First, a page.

It was the evening after my last day of school before winter break began. There I was, standing in line in the checkout at Albertsons with my mom after having tagged along with her to do our family’s weekly grocery shopping. Directly in front of us was a woman, who looked no older than thirty, trying to calm her crying baby along with her other young daughter who looked to be about 5 or 6. Her cart was, noticeably, barely full, or at least compared to ours which was almost overflowing with groceries. As she went to pay, the cashier looked visibly irritated, then tells her that there was an issue with her card. This was when the cashier, instead of privately attempting to flag down a manger, made an announcement over the intercom, something along the lines of, “I need help in checkout line _, a food stamps card didn’t go through.” This is when the woman looked as if she was beginning to tear up. Her shoulders began to droop as her demeanor suddenly changed from friendly to extremely uneasy. After an uncomfortably long amount of time, a manager finally made his way down to fix the problem and luckily had everything up and working again in under a minute. Everything went smoothly after that, however, the woman did still look like she was holding back tears. She quickly left, looking almost ashamed, as soon as it was our turn to check out.

Being only eight years old at the time, I didn’t quite know what the issue was, but I felt absolutely horrible for her. After both my mom and I made it back to the car and loaded up all of the groceries in the trunk, she started the car and we began to make our way back home. Being a bit curious, I asked her for a bit more information on everything that had just went down inside the store. She then explained that when some people can’t afford to buy food, the government will provide it for them. “When some people don’t need that kind of help, they don’t really understand what those who are struggling with that are going through. They don’t think it’s fair to everyone else and will treat other people who do have to rely on extra help from the government for food badly.”

   I sat and thought about that for awhile. It seemed extremely unfair. Those who are struggling enough with money to need the government to step in don’t need the extra stress of having to deal with people who are not willing to even try to understand their situation. This was one of my more memorable experiences with diversity during my childhood. At that point, having lived most of my life in a predominately middle-income neighborhood, I had always been surrounded by people of the middle to upper-middle class. My family was always a bit less well-off than the families we were surrounded by, but we never truly knew what it was like to struggle, or at least financially. This was what I knew as normal, so as a result, that specific instance was one of my first (memorable) exposures I had to prejudice towards people of lower incomes. Although I now knew that this problem existed, I still did not know how much of a problem it really was- as well as how close to home of a problem it really was. This would not be the last time I would have to witness someone being treated so badly just because they could not afford to buy the basic necessities for themselves and their families to live.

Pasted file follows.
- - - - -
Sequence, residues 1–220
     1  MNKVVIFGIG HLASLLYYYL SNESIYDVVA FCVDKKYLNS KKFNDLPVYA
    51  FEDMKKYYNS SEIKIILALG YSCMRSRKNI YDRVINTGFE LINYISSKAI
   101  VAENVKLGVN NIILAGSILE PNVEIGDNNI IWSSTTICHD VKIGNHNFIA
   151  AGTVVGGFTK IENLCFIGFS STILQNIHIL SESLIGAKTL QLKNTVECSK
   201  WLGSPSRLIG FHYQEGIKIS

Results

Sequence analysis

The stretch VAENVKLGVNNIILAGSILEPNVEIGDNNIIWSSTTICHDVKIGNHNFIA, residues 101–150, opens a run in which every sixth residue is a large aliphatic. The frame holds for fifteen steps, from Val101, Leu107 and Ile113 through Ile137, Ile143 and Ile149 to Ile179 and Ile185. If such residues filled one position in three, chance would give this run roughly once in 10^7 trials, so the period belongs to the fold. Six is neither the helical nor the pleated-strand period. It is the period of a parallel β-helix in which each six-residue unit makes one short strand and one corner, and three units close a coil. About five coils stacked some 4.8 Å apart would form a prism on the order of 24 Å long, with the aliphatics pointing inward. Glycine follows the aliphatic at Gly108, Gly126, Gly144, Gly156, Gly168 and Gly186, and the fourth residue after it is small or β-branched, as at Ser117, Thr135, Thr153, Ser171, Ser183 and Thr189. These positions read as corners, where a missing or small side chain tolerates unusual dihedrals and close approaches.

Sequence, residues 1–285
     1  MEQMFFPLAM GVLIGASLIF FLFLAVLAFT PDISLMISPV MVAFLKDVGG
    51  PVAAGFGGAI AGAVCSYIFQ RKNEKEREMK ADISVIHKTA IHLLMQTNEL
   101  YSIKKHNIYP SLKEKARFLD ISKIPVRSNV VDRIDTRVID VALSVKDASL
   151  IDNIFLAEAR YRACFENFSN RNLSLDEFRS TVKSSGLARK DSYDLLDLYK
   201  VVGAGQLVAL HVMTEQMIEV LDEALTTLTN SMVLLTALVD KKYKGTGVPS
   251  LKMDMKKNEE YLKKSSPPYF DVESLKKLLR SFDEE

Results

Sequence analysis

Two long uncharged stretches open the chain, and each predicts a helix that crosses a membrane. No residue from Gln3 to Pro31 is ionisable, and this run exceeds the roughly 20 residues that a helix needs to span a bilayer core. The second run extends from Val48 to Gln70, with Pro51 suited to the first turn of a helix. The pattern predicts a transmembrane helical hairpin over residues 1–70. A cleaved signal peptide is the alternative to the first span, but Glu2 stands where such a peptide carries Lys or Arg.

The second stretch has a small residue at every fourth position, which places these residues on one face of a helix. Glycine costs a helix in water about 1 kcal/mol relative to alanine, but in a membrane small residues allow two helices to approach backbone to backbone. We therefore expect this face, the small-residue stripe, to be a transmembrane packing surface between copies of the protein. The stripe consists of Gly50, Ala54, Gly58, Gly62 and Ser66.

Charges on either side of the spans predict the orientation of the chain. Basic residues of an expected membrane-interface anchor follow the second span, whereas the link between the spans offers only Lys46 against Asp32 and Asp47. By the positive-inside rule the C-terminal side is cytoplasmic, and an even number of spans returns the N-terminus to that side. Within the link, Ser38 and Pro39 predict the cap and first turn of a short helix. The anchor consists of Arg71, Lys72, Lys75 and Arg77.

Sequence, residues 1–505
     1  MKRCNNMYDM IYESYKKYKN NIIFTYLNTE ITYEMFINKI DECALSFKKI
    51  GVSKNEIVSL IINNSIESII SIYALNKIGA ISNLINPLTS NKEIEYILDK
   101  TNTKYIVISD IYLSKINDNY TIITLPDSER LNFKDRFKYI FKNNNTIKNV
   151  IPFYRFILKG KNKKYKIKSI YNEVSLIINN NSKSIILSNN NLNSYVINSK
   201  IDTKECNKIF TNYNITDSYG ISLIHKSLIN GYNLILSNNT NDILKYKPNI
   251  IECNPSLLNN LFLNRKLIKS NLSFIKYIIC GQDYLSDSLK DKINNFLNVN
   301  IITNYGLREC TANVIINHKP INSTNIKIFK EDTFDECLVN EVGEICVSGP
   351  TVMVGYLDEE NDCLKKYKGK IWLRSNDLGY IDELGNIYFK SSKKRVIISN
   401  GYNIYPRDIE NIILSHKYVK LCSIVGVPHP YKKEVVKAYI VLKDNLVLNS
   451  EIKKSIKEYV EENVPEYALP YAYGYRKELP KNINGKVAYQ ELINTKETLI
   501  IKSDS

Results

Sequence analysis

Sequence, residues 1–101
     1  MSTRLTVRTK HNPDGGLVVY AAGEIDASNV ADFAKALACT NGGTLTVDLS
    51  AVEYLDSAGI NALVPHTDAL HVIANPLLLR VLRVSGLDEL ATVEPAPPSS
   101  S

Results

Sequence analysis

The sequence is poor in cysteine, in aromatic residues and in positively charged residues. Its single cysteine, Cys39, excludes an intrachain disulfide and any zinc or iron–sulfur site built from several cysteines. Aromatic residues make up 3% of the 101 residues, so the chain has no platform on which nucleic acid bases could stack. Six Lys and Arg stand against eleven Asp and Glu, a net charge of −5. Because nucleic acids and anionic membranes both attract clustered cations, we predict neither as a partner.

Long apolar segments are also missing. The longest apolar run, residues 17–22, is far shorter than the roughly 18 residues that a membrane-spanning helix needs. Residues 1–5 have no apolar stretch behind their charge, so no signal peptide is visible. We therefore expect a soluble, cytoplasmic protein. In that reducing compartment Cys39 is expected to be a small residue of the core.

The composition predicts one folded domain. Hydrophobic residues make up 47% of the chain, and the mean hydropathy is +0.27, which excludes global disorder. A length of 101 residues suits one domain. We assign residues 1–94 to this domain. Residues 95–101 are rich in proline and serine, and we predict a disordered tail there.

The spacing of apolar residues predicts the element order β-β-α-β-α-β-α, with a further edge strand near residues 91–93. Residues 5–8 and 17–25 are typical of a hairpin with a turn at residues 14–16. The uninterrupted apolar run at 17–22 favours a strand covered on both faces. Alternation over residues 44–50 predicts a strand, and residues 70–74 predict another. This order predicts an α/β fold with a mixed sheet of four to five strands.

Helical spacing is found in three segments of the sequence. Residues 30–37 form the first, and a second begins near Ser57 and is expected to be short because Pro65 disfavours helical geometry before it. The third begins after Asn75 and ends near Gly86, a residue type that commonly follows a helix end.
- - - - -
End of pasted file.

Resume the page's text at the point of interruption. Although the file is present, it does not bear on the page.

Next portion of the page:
One Sunday when I was thirteen years old, I was at my grandparents’ house for a family gathering, just like we had every single other Sunday. I was sitting in the living room with all of the adults since none of my cousins who were my age had arrived yet. The conversation then turned to my aunt, who had just started a new job as a receptionist at a local gym. “I’m so glad you were able to find something stable. Does this mean you won’t need help from the government for much longer?” my grandma asked, then immediately bit her tongue, forgetting for just a second the kind of company we had at the time. My aunt looked a bit embarrassed but she answered, “Yep, that’s the plan”. This is when one of my uncles, with a smug smile on his face, decided to pipe up, “Welfare huh? Well how long have you been on that?”. Partly ignoring the question she attempted to correct him, “Well I mean it isn’t quite welfare, but I have been on the food stamps program.”. Brushing her off, he then says, “Same thing. Government handouts are government handouts” and just goes silent again. My aunt, who seemed understandably, very uncomfortable with the whole situation, didn’t take much longer to leave after that. For the rest of the night I sat there feeling angry about what I had just seen happen. This was when I began to remember an instance very similar to the exchange I’d witnessed. I recalled the instance I’d seen happen five years earlier with the woman in the grocery store, and imagined my aunt, who I love and care about, in the same exact position. It absolutely broke my heart to think about her being treated that way, and the fact that it was likely that she has been.

  Many people will choose to confront diversity simply with hatred, especially when they are not quite able to relate to those who are different than them, whether that is in race, culture, gender, religion, or as my experiences have shown, in socioeconomic status. The two experiences I had regarding this have pushed me to be a more understanding and tolerant person, especially with what I had seen my aunt go through behind the scenes. Not only that, but over the past few years I’ve had to watch as close friends have had to go through financial struggles as well and from what I’ve seen, there is so much more to it than what is on the surface. The anxiety and stress of not knowing whether or not you will be able to eat can be crippling. Overall, what I took from this, is that life does not treat everyone the same, and despite this, everyone deserves to be treated with kindness and respect- no matter their circumstances.